Thanks to Adam Denley, Ph.D., Senior Associate at Freehills Patent Attorneys in Australia, for alerting me to the September 5, 2014 decision of the Full Federal Court of Australia upholding the patent eligibility of isolated nucleic acids, and for letting me share his initial summary here.
The Full Federal Court of Australia affirmed that isolated nucleic acids, i.e. whether it be DNA or RNA, are patentable subject matter in Australia. While an appeal to the High Court of Australia may be possible, absent an appeal, isolated nucleic acids will remain patentable subject matter, unless it is excluded by an amendment to the Patents Act. Presently we are unaware of a proposal to amend the legislation on this point.
Consistent with previous principles derived from Australian case law, the Full Federal Court held that the claimed isolated nucleic acid, including cDNA, resulted in an artificially created state of affairs for economic benefit thereby being proper subject matter of a patent. By being removed from the genome and the cell (in other words removed from the natural environment and from the cellular components that enable it to function in vivo) the Court held that the claimed isolated nucleic acid is itself an artificially created state of affairs.
The decision is clear in distinguishing the relevant considerations for patentability in Australia with those adopted by the US Supreme Court which have been, more recently, interpreted by the USPTO. The Full Federal Court rejected the US Supreme Court’s emphasis on the similarity of the ‘location and order of the nucleotides’ of the claimed isolated nucleic acid and that existing within the nucleic acid in nature. Instead the Court was of the view that, even without a change in nucleotide sequence, the claimed isolated nucleic acid was chemically, structurally and functionally different to what occurs in nature.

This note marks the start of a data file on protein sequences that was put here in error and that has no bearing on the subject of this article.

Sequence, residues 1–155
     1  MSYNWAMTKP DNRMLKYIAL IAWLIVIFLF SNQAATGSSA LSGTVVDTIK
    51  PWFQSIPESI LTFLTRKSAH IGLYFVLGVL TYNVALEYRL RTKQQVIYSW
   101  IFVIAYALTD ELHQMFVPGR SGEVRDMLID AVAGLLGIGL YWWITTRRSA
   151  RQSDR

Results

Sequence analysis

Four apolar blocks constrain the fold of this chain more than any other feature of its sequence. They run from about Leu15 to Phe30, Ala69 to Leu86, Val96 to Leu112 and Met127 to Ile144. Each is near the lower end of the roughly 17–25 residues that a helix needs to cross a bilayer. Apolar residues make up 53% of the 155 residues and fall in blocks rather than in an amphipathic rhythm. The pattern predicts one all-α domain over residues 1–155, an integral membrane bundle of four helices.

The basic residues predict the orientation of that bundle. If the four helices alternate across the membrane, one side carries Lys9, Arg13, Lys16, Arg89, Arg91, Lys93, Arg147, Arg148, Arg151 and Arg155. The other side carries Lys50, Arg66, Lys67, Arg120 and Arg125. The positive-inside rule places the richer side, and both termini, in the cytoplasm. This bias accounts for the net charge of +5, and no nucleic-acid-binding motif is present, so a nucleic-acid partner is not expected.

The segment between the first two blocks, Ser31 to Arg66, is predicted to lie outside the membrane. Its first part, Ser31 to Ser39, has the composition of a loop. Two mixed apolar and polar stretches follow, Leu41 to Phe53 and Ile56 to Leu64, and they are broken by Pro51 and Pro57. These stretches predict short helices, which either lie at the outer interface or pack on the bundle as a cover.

This decision means the Australian Patent Office will continue to allow patent applicants to claim genetic material, provided the claimed material is qualified as having been “isolated”, or words to that effect.
As different countries take different stands on patent eligibility issues (from isolated DNA to business methods), patent practitioners will need to keep track of what can be patented where in order to develop international patent strategies. This decision from Australia is a good reminder that just because isolated naturally occurring DNA sequence cannot be patented in the U.S. does not mean that they cannot be patented elsewhere. It also should remind the USPTO’ that it is setting the U.S. apart from most of the rest of the world by applying the Myriad decision broadly.